Visiting author, Rita Williams-Garcia, came to our school today and gave a very personable talk about her journey to become a writer. She shared pictures of her journals that she filled starting in fourth grade and her diaries. In middle school she started writing short stories to be published and to do so, she wrote at least 500 words every night in her writer’s notebook. (Yes, she actually counted the words! Computers were still on the horizon.) She made writing a habit and would frequently write on the train or wherever she happened to be. Ms. Williams-Garcia immersed herself in language and found the joy in writing.
As she was talking, I surveyed my students sitting before me and wondered if I have done them wrong. Have any of them found the joy in writing? Do they see the world and have sparks of imagination that leads to a story? Has their language been enriched enough to allow them to express themselves creatively? I fear not.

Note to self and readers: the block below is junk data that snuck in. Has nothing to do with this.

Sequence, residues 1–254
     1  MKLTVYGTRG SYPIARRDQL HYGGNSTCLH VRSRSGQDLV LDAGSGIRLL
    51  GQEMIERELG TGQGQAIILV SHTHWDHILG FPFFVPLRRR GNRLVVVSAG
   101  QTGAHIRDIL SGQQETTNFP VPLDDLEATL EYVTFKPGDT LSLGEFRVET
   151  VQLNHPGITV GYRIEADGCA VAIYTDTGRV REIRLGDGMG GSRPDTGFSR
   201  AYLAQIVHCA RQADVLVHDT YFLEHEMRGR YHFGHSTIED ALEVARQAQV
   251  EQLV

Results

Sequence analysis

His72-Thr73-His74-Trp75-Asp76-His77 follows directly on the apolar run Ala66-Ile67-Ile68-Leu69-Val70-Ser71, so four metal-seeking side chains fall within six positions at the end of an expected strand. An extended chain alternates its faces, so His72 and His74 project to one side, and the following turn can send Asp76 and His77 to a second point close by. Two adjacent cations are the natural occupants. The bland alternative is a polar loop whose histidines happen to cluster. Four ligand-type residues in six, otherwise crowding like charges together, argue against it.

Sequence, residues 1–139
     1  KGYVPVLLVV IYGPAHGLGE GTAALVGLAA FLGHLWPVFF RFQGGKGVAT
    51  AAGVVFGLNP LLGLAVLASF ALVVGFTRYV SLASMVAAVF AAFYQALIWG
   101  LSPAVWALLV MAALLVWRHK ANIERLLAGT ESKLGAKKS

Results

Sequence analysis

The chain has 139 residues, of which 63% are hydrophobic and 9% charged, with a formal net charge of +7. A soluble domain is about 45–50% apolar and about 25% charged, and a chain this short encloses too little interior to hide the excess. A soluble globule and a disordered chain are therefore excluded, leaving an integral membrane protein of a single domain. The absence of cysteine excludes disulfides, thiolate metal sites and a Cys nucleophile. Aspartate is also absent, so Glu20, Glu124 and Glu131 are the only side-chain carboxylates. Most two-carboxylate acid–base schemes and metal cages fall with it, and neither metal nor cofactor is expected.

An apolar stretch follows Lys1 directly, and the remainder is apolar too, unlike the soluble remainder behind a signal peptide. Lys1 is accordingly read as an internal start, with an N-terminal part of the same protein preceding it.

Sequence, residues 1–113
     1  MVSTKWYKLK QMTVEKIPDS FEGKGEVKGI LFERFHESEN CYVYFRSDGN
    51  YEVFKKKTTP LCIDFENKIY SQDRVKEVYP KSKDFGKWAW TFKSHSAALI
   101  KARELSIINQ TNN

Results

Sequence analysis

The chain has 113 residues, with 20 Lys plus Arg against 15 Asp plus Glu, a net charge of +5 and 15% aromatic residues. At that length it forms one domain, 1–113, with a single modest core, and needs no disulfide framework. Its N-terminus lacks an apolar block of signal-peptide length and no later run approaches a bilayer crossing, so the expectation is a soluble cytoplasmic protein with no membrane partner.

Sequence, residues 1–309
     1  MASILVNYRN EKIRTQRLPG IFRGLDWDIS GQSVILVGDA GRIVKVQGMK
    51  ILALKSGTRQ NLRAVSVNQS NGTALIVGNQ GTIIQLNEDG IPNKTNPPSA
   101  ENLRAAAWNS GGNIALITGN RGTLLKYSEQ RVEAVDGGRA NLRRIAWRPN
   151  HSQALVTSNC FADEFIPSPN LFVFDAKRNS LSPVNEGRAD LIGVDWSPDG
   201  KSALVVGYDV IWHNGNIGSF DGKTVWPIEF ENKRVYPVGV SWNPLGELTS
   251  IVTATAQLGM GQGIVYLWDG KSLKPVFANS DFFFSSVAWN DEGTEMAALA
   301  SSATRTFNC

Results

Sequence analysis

Our curriculum focuses on three types of writing: narrative, argumentative, and opinion. I faithfully use “best practices” in my instruction. Mini-lessons incorporate strategies to raise the quality of writing. There are checklists, rubrics, progression learning charts, and many other writing tools that are all good. But, when do we put it all away and just let the students write for the enjoyment of it? Isn’t that what will keep them motivated to learn about the craft of writing? Writing instruction can become too clinical, too dry, too laborious and actually snuff out that flame that we are trying to light. Where is the excitement?!
Perhaps this is what the Classroom Slice of Life is all about. Creating that habit of writing. Developing a sense of looking at the world with wide-open eyes. Playing with language and how you are going to tell your story. I am experiencing those things now as a first time slicer; maybe next year it will be time for my students to join me.